Lanesboro Memorial Day message has dual meaning


DR. JAN MEYER/NEWS LEADER Doug Johnson, Glen Jensson and Gary Redalen lead the audience in singing “God Bless America” at the Memorial Day program.

DR. JAN MEYER/NEWS LEADER Beth Vitse plays taps at the outdoor segment of the program, ending the Memorial Day event. Standing next to Beth is her spouse, Ryan.

DR. JAN MEYER/NEWS LEADER Vietnam veteran Mike Mullen was the featured speaker at Monday’s Memorial Day program in Lanesboro.
By : 
Dr. Jan Meyer

More than 150 people ignored the heavy rain to attend the annual Memorial Day ceremony at Lanesboro’s Community Center. The local American Legion Post 40 plans and presents the program, with the Lanesboro High School Jazz Band, leading off with the national anthem.

The featured speaker, Vietnam veteran Mike Mullen, had absolute attention as he talked about Army Sergeant Major Brent Taylor who, in early November of 2018, posted a Facebook message from Afghanistan, where he was currently serving his fourth overseas tour, having done two in Iraq and a previous one in Afghanistan. His message to the country was urging people, in the upcoming election, to “exercise your right to vote, to remember that there is more that unites us as a country than there is to divide us.”

Sergeant Major Taylor did not find out about the outcome of that election, because he was killed the day before, and his body arrived back in the U.S. on Election Day itself. The whole nation was mesmerized by the news story; he had been the current mayor of Ogden, Utah, and left behind a wife and seven children. His wife, just hours after the ceremonial arrival of his body, went on national news with a message, basically saying, “Yes, we grieve, but we do not regret. He chose to serve his country.”

She added his service was a family decision. She reiterated how proud and grateful they were that he and others do so.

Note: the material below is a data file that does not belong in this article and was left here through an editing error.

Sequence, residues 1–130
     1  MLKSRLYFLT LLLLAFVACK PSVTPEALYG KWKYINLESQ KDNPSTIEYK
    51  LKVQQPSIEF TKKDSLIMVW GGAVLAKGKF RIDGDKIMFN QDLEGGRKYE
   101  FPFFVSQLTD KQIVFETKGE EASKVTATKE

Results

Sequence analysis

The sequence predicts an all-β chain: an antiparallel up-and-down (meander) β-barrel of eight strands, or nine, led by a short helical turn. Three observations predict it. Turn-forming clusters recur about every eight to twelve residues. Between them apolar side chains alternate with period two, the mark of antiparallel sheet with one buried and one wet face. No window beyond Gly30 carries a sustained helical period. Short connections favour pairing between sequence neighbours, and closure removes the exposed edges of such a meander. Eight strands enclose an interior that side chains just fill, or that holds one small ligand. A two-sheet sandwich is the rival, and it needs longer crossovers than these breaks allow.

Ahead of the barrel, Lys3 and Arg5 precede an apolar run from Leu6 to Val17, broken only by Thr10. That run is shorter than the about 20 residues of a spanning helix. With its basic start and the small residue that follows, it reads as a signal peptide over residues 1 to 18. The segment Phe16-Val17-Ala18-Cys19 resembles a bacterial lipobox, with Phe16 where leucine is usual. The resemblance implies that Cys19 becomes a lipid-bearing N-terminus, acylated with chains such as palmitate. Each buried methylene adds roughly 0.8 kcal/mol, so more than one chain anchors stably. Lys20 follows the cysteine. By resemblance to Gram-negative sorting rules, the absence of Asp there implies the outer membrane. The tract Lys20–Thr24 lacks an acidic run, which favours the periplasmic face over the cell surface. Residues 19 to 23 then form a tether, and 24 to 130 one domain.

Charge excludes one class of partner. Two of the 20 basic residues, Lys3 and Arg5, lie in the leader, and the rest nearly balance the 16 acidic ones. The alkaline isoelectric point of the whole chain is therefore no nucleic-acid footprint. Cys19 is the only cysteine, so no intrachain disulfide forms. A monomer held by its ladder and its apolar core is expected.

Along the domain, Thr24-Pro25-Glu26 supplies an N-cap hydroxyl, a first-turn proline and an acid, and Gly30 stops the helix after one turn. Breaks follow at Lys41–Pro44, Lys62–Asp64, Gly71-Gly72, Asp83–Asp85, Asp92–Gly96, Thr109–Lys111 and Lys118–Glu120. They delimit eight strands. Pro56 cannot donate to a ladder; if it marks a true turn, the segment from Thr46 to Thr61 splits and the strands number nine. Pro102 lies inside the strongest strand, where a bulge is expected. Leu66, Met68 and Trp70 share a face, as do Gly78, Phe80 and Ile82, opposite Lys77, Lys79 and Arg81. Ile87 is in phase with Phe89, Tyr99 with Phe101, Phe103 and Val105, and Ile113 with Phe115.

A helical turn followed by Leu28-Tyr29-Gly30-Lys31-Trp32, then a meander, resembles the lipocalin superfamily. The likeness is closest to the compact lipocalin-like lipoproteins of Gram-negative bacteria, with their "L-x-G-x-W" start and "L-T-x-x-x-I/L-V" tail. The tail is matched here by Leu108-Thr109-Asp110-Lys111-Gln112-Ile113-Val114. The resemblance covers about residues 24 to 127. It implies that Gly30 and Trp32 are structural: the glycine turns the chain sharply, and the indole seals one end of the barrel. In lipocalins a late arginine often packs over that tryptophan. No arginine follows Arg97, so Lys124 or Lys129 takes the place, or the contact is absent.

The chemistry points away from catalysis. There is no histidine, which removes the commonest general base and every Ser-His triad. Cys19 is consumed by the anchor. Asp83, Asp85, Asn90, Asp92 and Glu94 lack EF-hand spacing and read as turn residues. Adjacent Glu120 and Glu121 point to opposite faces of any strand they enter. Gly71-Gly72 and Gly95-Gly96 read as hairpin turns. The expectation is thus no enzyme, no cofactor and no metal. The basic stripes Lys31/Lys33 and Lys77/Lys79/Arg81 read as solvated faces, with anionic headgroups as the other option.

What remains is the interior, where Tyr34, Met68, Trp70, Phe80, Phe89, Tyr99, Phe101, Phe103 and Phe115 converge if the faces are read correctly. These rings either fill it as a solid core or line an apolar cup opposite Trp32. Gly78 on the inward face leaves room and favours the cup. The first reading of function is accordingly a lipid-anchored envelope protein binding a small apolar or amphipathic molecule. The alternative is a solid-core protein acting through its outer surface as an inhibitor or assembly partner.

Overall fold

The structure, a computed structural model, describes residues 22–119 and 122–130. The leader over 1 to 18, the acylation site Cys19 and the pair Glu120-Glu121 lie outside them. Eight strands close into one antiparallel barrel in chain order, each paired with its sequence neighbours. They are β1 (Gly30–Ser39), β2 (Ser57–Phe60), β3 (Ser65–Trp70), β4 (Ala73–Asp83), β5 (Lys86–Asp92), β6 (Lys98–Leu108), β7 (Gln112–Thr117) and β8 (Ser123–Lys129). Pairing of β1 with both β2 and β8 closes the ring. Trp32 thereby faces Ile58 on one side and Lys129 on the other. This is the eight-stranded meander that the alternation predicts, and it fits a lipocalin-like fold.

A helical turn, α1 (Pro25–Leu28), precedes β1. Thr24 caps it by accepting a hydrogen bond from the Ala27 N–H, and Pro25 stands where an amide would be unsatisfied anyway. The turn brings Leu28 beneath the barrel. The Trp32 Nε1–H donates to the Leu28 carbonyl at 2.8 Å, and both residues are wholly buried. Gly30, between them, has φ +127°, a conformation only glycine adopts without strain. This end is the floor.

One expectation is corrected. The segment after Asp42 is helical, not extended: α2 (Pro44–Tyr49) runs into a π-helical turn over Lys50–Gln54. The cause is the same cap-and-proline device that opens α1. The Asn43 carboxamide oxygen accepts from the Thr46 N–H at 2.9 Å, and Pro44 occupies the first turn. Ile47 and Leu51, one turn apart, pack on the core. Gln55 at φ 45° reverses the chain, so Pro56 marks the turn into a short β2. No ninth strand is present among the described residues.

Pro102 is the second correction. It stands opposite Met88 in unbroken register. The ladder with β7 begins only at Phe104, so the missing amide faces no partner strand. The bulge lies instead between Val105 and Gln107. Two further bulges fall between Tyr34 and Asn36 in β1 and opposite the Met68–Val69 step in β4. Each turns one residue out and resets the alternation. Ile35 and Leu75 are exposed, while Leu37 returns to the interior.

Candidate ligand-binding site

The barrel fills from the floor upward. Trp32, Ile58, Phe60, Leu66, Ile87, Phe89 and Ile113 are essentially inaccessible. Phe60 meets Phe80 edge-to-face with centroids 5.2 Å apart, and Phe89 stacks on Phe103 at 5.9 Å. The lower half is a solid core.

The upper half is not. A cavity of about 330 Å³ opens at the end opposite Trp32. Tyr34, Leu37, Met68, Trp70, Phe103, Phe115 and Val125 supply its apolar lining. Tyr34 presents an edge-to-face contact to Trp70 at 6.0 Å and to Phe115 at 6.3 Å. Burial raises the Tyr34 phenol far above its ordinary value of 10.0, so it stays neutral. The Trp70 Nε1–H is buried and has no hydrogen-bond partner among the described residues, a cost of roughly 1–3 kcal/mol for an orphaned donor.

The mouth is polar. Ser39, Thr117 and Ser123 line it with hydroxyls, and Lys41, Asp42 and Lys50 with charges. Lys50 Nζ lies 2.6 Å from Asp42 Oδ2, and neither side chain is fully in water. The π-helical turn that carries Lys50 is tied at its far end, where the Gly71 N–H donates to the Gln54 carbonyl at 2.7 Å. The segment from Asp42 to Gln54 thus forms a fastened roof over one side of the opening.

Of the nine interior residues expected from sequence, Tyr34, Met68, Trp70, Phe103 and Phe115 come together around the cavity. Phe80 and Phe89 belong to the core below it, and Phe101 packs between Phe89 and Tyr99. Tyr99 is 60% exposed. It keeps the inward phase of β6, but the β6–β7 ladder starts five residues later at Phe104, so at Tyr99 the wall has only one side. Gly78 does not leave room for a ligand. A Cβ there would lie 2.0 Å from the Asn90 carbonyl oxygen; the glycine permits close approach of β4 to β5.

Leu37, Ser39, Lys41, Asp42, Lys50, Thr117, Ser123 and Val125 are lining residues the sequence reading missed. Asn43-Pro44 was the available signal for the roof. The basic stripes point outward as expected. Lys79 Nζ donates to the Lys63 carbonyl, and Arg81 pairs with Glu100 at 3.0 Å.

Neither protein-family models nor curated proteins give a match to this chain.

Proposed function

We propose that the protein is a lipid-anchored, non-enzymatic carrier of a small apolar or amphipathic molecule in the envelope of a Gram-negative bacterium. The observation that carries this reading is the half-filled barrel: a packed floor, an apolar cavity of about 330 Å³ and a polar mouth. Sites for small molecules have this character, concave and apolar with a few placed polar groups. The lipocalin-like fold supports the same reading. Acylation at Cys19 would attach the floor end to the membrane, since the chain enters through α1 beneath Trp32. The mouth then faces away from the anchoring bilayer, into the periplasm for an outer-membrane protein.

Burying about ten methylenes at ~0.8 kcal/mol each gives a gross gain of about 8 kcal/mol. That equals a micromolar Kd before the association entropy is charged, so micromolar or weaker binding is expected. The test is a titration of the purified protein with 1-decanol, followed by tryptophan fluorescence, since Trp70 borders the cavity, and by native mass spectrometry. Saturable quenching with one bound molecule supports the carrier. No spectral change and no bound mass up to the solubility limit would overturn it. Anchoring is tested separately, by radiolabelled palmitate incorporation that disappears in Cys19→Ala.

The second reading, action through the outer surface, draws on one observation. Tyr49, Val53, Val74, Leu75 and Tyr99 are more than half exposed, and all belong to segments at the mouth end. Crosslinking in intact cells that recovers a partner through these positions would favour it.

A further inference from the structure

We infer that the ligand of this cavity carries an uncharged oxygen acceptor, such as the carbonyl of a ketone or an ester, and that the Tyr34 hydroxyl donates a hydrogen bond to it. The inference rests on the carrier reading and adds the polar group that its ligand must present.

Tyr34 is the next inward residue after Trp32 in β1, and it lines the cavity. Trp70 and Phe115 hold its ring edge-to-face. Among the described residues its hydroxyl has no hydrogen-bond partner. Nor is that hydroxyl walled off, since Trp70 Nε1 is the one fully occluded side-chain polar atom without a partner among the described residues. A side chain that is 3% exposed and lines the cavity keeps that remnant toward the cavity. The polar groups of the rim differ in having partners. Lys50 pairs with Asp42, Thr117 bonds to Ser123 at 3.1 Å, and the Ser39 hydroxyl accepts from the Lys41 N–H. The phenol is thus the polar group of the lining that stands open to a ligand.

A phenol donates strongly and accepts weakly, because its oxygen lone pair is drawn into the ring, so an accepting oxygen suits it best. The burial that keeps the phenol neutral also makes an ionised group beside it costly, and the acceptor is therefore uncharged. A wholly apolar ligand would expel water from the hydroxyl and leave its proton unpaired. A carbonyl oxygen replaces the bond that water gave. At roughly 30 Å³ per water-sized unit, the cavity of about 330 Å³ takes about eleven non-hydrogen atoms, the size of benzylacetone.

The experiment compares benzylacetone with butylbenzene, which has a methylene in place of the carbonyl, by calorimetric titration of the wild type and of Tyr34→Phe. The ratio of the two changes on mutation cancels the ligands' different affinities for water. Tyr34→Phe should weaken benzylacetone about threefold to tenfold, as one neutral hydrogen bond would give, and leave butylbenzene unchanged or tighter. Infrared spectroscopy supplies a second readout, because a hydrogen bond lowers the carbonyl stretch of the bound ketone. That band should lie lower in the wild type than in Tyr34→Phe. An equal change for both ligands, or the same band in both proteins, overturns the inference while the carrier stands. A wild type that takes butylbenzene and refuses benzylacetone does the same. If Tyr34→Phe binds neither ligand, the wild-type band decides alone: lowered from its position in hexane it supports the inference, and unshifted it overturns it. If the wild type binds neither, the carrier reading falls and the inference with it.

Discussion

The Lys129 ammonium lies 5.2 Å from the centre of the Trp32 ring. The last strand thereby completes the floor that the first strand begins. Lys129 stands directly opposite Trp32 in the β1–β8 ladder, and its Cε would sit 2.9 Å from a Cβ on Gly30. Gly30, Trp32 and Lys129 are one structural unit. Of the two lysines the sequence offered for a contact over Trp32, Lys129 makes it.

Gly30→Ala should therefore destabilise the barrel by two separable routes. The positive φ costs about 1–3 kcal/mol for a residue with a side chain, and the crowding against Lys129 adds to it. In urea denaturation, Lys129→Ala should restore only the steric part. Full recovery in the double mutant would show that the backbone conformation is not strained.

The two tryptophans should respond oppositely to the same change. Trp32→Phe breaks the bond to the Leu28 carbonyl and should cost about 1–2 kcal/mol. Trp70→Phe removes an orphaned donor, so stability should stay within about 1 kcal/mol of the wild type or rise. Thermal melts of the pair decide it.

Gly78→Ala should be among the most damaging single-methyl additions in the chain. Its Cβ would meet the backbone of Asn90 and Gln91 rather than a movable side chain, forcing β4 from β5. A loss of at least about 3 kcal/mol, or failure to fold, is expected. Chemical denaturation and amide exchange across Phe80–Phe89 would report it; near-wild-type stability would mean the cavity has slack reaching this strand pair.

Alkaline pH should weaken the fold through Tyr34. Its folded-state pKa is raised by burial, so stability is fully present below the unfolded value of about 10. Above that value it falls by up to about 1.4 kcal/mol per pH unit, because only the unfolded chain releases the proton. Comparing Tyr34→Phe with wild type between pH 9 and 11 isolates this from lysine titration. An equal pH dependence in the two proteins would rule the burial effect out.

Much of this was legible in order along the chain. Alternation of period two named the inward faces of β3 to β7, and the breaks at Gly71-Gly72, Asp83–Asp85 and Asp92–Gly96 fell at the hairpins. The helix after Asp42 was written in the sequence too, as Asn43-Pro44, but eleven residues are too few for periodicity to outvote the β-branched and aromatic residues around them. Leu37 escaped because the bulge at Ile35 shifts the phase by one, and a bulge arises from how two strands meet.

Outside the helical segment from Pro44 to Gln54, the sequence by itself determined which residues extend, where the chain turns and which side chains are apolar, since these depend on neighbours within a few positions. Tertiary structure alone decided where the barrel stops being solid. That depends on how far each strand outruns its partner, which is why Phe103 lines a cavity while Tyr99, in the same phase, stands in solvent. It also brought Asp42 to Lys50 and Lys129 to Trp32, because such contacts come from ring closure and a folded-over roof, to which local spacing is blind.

Mullen continued on that point, saying, “We all choose to serve.” He added on this 75th anniversary of the D-Day invasion, in which so many died, it is a good time to remember that political labels mean little to those who are defending freedom. He urged listeners to “Honor all who serve, not just those with the most medals. We all want to honor freedom, country and family, and in each generation, someone will step forward….It is not obligatory: we want to.”

Mullen’s second message to his audience was to honor not only those who serve and have served, but also those who are left behind. “No one can replace (the absent person), but we can offer a shoulder and service in many other small ways . . . We honor their sacrifice by showing we care. Sergeant Major Taylor called us to honor “others and our country.

Mullen paused at the end to mention the anniversary of the D-Day Invasion, and Henry M. Guttormson, for whom the local Legion Post is named, adding that Lanesboro native Guttormson was killed in action — the ultimate sacrifice — at the age of 25 in World War I.

He also honored outgoing three-year Post Commander Jim Haugen for his accomplishments during his tenure.

The program emcee was the Post Adjutant Glen Jensson; Post Chaplain Carolyn Storlie did the invocation and Harriet Lawston of the Auxilliary honored Gold Star Mother Opal Gossman. Lawston also did the convocation. The Lanesboro High School Jazz Ensemble presented a medley of service hymns of the military branches, and a trio of Doug Johnson, Glen Jensson and Gary Redalen led the audience in singing “God Bless America.”

While the weather did not disrupt the indoor program, the traditional march down “the Avenue” by the Legion members, Sons of the Legion, Auxiliary, high school band and Scout troops was rained out. However, by the end of the indoor service, the rain had lessened so the usual Legion Honor Guard’s rifle salute, and accompanying taps, happened as impressively as usual.